After completing the pilot, Landon and Bird mapped out the production for the initial 10-episode order for the series. While Landon used a few Western towns in California for parts of the pilot, California maintains a lottery system for obtaining production tax incentives — and Landon’s production didn’t receive those incentives. In addition, the cost of a facility that Landon and Bird considered for the show’s main street didn’t suit the production budget. At one time, there was a plan to shoot the series near Telluride, Colo. “It has some of the most beautiful country I have ever seen anywhere on the planet,” says Landon. “The story takes place in a coal-mining town in 1910, and they have some great mining structures. The film commission and tax incentives were all elements that drew us there.” Ultimately, Landon and Bird realized that Telluride didn’t have enough of the above- or below-the-line talent that the production requires, and the cost of bringing in cast and crew from out of state proved prohibitive. “We just couldn’t make the numbers work,” says Landon.
While Landon has worked on other projects in Calgary and Montreal, this is his first experience shooting in the Vancouver area. Production began on September 9 and is scheduled to run through December 7 in British Columbia. The Canadian film industry is very robust, especially in Vancouver, so Landon and Bird had solid production resources and talent to draw form. One of the big draws for the production team was James Town, a Western town about a 40-minute drive outside of Vancouver. “It gives us forest, rivers, open fields, a period main street and a warehouse structure where we could build our interior mine shaft,” Landon explains. “It has everything we need to create the world of Coal Valley.”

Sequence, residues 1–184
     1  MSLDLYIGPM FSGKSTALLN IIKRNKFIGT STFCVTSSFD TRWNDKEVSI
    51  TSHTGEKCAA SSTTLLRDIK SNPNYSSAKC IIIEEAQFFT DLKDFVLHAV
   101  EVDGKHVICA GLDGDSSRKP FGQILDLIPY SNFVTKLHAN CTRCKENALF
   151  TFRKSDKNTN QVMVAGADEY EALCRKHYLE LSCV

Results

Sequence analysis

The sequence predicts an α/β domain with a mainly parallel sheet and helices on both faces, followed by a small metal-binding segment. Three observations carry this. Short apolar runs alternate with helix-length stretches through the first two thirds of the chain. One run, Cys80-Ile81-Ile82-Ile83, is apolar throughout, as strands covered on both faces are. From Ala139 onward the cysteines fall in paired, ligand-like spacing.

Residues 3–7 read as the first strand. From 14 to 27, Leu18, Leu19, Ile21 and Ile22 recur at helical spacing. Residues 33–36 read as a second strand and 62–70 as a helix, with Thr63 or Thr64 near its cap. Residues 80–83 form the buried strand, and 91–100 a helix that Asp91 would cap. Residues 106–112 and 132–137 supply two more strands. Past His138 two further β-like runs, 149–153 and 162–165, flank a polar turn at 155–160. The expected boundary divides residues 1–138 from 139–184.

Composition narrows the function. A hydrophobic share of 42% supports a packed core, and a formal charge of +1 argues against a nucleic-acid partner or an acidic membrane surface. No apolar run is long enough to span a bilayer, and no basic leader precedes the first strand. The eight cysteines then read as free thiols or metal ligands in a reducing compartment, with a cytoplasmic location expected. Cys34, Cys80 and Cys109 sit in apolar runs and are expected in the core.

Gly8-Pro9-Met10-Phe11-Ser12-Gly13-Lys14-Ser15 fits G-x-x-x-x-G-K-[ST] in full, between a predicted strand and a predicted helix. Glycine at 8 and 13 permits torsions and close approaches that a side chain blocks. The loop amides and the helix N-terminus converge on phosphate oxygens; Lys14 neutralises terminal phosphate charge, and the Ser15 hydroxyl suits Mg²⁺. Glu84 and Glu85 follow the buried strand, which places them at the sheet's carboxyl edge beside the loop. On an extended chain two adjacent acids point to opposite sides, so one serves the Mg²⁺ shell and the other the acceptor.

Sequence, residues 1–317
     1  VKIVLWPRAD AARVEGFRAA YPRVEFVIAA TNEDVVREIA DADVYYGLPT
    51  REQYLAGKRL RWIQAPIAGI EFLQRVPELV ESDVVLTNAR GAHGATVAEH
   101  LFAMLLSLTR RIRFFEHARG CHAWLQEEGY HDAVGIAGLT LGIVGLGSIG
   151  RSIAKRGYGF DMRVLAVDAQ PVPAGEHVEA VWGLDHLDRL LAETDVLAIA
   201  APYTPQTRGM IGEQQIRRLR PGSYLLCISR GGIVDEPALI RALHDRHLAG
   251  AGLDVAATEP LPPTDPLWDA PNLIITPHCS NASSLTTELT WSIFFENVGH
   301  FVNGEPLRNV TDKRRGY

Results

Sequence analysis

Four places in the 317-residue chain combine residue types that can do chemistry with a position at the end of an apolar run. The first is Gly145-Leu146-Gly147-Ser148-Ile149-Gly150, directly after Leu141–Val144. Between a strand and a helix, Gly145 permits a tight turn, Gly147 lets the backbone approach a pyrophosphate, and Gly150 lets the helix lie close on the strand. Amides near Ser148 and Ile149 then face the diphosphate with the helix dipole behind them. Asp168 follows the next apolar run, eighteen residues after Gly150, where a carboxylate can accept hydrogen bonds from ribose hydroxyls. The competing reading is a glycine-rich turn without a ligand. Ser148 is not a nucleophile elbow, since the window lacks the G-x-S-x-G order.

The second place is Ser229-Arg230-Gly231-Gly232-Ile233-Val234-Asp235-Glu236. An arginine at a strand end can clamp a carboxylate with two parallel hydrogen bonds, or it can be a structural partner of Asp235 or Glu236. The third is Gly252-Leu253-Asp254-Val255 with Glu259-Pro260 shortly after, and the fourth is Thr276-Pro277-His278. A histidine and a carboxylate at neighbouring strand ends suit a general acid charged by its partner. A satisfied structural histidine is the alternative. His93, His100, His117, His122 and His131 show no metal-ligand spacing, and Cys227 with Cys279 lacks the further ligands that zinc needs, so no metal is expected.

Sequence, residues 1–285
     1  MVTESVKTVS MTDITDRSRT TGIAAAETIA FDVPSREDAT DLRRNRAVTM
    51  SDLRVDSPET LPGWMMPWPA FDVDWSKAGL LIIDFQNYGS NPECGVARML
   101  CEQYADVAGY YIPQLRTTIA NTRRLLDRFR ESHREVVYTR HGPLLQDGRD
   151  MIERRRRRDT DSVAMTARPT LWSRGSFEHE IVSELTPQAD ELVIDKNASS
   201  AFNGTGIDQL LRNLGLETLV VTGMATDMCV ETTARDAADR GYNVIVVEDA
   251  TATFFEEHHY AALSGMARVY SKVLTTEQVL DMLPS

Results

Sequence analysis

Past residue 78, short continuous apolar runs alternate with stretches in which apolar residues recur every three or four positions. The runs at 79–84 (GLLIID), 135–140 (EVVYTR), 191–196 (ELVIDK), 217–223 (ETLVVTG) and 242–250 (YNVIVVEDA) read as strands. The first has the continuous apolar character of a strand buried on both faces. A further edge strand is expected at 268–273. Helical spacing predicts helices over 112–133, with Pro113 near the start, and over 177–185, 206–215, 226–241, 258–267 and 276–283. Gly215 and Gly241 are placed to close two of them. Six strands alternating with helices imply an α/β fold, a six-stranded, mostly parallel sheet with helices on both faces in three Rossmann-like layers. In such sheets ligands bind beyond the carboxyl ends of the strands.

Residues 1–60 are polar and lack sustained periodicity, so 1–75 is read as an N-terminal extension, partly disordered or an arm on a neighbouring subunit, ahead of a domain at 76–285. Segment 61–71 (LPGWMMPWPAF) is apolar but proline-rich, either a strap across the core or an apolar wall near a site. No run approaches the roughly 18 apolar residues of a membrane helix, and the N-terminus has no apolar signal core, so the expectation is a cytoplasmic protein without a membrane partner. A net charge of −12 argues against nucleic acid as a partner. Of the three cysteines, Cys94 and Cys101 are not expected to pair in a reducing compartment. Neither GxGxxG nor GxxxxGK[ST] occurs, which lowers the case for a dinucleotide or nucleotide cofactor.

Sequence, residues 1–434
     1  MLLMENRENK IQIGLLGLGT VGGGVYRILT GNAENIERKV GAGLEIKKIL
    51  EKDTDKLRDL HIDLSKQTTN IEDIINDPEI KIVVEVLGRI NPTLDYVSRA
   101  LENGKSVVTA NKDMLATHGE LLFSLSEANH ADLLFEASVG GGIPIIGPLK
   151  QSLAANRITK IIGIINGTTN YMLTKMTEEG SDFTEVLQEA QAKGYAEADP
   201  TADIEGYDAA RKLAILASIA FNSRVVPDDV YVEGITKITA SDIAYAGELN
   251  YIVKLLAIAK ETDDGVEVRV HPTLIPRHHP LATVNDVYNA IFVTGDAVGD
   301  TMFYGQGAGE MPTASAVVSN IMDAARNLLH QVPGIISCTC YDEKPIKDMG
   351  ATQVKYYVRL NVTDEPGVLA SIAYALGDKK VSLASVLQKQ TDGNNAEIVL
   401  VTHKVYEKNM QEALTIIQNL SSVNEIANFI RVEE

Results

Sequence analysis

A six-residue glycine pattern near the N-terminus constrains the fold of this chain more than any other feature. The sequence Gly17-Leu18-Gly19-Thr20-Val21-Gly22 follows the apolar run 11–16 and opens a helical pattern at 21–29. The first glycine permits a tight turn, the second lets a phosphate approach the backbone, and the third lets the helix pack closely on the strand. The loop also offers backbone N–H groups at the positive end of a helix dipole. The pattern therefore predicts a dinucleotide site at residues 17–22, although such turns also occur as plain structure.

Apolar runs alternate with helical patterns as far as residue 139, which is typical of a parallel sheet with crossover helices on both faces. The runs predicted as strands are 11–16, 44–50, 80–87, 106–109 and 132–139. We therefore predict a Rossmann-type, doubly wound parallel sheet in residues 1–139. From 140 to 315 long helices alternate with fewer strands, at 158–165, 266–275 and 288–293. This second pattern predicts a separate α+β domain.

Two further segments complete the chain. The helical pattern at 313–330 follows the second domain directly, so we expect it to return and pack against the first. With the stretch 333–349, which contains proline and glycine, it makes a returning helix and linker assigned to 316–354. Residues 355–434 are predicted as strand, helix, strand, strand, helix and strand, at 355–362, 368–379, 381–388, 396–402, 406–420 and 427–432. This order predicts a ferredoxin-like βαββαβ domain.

Assuming that Hallmark will extend the series beyond its initial 10 episodes, Landon anticipates returning to British Columbia and the James Town complex. “We are doing quite a few modifications to James Town to make it right for the series,” he says. “We’ve build row housing for where the miners live and the mine shaft.” With all the work done to build the world of the “When Calls the Heart” series at James Town, it would be difficult to move the production elsewhere for subsequent seasons, though Landon says he wouldn’t rule out the idea.
Landon and Bird’s production is a well-oiled machine, with Landon directing the first four episodes while Bird supervises the writing, initially from their southern California base and now from production offices in British Columbia. As the pilot premiere approaches, Landon and Bird’s team at Believe Pictures and their colleagues at Hallmark Channel hope that “When Calls the Heart” enjoys the kind of success and longevity that Landon’s father had with “Little House on the Prairie.”